By Leslie Jorgensen
THE COLORADO STATESMAN
COLORADO SPRINGS — After two years of wrangling, Colorado Springs officials gloated when the city finally landed a new agreement to keep the United States Olympic Committee headquarters here for 30 years. But less than a month later, the deal is being derailed by a lawsuit that challenges its legality.
The new agreement, like the city’s original deal to secure the USOC, is being stymied by a problem with its funding mechanism — the sale of Certificates of Participation.
Last year, the city couldn’t sell the COPs because the financial market had melted down. Now the sale is being blocked by a pending lawsuit.
Attorney Lindsay Fischer, as a concerned citizen, filed a lawsuit against the city challenging the legality of its plan to finance the bulk of the USOC deal by selling $38 million in Certificates of Participation. Unlike bonds, the COP funding mechanism doesn’t require voter approval.
“If they had any brains, they would’ve put this to a vote of the people … the city would have been doing something proactive,” said Fischer.
The city had promised to raise $38 million within 45 days — or the end of this month — to finish construction of the USOC headquarters and settle a lawsuit filed by LandCo Equity Partners, the
developer contracted for the original deal, which soured.
If the city misses the deadline, the USOC could withdraw from deal, as could LandCo, which could then renew the lawsuit against the city it had filed in the U.S. District Court in Denver.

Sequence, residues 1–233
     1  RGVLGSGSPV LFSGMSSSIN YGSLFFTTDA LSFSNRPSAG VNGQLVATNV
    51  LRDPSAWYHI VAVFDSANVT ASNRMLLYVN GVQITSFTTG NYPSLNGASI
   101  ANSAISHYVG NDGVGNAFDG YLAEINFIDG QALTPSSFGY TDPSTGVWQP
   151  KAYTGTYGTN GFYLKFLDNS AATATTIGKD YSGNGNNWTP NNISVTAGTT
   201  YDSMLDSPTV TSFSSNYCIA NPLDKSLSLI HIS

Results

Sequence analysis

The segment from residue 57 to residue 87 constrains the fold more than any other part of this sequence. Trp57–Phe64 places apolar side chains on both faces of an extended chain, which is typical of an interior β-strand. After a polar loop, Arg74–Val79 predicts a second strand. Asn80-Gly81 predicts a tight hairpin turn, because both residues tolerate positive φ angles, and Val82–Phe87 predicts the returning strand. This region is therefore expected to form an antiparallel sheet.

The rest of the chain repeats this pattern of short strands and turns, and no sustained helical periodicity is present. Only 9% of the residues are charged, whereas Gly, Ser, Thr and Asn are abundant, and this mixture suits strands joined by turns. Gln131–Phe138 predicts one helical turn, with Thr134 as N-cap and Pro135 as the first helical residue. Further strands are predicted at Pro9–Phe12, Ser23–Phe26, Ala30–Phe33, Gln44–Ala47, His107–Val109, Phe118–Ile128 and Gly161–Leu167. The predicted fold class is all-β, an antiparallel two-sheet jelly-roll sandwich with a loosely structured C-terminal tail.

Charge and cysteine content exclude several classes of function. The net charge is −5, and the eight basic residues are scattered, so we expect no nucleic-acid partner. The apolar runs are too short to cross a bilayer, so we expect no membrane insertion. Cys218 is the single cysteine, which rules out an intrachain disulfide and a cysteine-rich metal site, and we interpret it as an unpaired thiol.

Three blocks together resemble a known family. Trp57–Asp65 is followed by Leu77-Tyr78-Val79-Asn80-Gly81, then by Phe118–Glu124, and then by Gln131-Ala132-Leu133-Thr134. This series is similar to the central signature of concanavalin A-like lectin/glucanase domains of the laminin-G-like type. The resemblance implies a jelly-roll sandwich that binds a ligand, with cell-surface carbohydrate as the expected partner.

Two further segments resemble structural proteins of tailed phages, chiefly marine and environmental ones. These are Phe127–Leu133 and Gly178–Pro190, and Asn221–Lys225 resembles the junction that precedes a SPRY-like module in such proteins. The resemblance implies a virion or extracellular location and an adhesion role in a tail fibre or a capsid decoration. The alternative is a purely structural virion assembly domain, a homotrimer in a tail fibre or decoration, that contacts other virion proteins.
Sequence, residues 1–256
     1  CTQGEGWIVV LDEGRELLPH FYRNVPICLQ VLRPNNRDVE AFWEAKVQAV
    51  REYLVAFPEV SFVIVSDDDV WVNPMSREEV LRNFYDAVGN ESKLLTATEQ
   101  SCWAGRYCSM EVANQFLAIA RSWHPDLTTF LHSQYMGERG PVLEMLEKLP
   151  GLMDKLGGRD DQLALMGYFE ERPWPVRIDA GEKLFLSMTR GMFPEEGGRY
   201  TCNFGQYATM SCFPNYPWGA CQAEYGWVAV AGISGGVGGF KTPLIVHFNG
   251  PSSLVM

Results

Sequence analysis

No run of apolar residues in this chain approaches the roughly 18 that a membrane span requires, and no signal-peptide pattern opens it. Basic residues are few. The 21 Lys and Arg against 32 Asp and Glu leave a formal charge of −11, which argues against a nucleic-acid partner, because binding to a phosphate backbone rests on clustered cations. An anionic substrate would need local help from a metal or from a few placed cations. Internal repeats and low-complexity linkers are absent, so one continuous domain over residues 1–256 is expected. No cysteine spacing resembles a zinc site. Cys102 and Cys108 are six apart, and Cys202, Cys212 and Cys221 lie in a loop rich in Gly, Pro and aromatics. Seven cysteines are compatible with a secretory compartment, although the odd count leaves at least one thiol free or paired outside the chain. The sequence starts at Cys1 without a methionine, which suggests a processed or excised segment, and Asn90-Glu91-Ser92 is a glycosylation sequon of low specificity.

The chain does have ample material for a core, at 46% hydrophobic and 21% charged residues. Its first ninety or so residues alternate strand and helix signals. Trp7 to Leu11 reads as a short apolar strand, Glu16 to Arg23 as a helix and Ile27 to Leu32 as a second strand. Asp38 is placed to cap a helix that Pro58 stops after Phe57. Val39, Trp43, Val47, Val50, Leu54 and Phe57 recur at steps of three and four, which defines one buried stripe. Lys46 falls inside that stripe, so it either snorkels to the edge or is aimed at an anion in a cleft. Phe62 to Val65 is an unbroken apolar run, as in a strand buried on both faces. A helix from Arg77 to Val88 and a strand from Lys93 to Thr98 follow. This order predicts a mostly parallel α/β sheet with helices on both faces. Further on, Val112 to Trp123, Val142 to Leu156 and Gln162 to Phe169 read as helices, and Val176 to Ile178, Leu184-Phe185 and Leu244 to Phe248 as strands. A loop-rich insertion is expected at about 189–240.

“The city is working to extend the deadline with both parties — the USOC and LandCo,” said John Leavitt, Colorado Springs senior communication specialist.
Fischer filed the lawsuit on Aug. 17.
Although the city fought to dismiss the case, Fourth Judicial District Court Judge Scott Sells ruled in favor of Fischer on Sept. 2. A trial date will be set in the near future.
“I’m very happy about the judge’s ruling,” said Fischer. “I think the city is wrong, and we’ll prevail.”
Fischer argued that the USOC deal should be funded by bonds — not COPs — because the city is using the Colorado Springs Police Operations Center and Fire Station 8 as collateral.
Bonds would be subject to voter approval — but the City Council hasn’t discussed putting the question to voters on the November ballot. If COPs are taken off the table, the City Council would have to renegotiate the deal and extend the tight money-raising deadlines.
The $38 million was part of a $43.5 million incentive package City Council approved Aug. 11 by an 8-1 vote.
During the hearing before Judge Sells, Fischer said the city failed to produce adequate examples of COPs being used to fund nonprofit corporations like the USOC. COPs are typically sold by government entities in order to fund government projects.
“It was bizarre,” said Fischer of the city’s legal arguments.
“The irony of the city’s plan was the decision to essentially mortgage Fire Station 8, which was funded by voter approval of a sales tax increase in 2002 for safety improvements,” he said.
A status conference was scheduled this week with City Attorney Pat Kelly and Fischer, primarily for purposes of discovery and to discuss any outstanding issues.
Fischer is either revered or reviled by veterans of previous USOC battles, who have watched various USOC deals die and be revived.
Fans of the USOC resent that he has hurled yet another obstacle in the path of the city’s agreement. Opponents of the deal are lauding Fischer for his courage — and proposing him as the next Colorado Spring mayor.
“Despite what some people say, we’re not spoilers,” said Fischer. “We want this to be done on a proper basis.”